Transpontine investigates some previously confidential Government papers, released to the National Archives at the end of December 2011, which provide some insights into the riots that swept across England in July 1981. Included in the papers is some information on events in South London, which combined with contemporary press reports gives an idea of what happened in the area at that time.
A short history of the London Workers Group, which existed from 1977 to 1985, written by Dave Morris, a former member, in 2006.
I read this article recently in "Socialism or your money back" which is a collection of historical articles from the 'Socialist Standard', the party paper of the SPGB. I was struck by the similarities to today's riots and but for a couple of alterations to the names could have been written this week.
Hope you find it as interesting as I did.
'On the Line' was a agitational newsletter put out by the New York based Libertarian Workers Group, which was affliated with the Anarchist Communist Federation of North American and one of the founders of Workers Solidarity Alliance (WSA). It then became an occasional newsletter of WSA in New York/New Jersey.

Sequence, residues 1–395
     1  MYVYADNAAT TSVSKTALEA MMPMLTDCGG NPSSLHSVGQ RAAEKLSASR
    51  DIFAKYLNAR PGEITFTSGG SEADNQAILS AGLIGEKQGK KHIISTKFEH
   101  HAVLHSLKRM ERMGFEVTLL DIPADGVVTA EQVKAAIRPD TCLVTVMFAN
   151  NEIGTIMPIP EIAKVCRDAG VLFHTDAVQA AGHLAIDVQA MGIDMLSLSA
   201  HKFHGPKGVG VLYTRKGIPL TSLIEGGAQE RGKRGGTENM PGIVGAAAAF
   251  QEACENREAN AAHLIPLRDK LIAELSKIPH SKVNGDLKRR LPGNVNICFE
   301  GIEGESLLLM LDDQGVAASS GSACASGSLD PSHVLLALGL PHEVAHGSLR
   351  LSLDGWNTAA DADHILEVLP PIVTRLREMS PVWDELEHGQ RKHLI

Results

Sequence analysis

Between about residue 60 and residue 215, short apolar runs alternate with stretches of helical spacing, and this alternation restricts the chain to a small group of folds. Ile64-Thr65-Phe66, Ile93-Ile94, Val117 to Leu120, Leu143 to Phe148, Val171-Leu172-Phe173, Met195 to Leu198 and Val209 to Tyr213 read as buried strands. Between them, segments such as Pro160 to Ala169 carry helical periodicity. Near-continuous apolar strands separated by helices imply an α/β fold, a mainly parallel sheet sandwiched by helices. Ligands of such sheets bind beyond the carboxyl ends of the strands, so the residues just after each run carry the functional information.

An unfinished text, written in 2006 (originally entitled "1981 & All That"), intended to be about the riots of 1981, but only the bit about the uprising in the St.Paul's district of Bristol was completed. For obvious reasons, I've decided to put this now in the library.
The introduction gives a flavour of the pessimistic feel of 5 years ago. The last 5 or 6 months since Millbank has changed that, but there's still a long way to go (and a fairly short time to do it) for the new social movements to re-learn the strengths and weaknesses of past movements in order to go beyond them - and this time without a significantly "definitive" defeat and retreat.
Charlie looks back at his youthful experiences as a militant hippy factory worker and shop steward in 1970s & 80s northern England. Part 2 deals with his involvement in the long-running Silentnight bedding factory strike; the dispute began in late July 1985 - a few months after the ending of the 1984-85 Miners Strike - and by the time it finally ended in April 1987 it had become the UK's "longest-running continuous strike in trade union history". The Prime Minister, Mrs Thatcher, visited Silentnight owner Tom Clarke to show support and dubbed him "Mr Wonderful".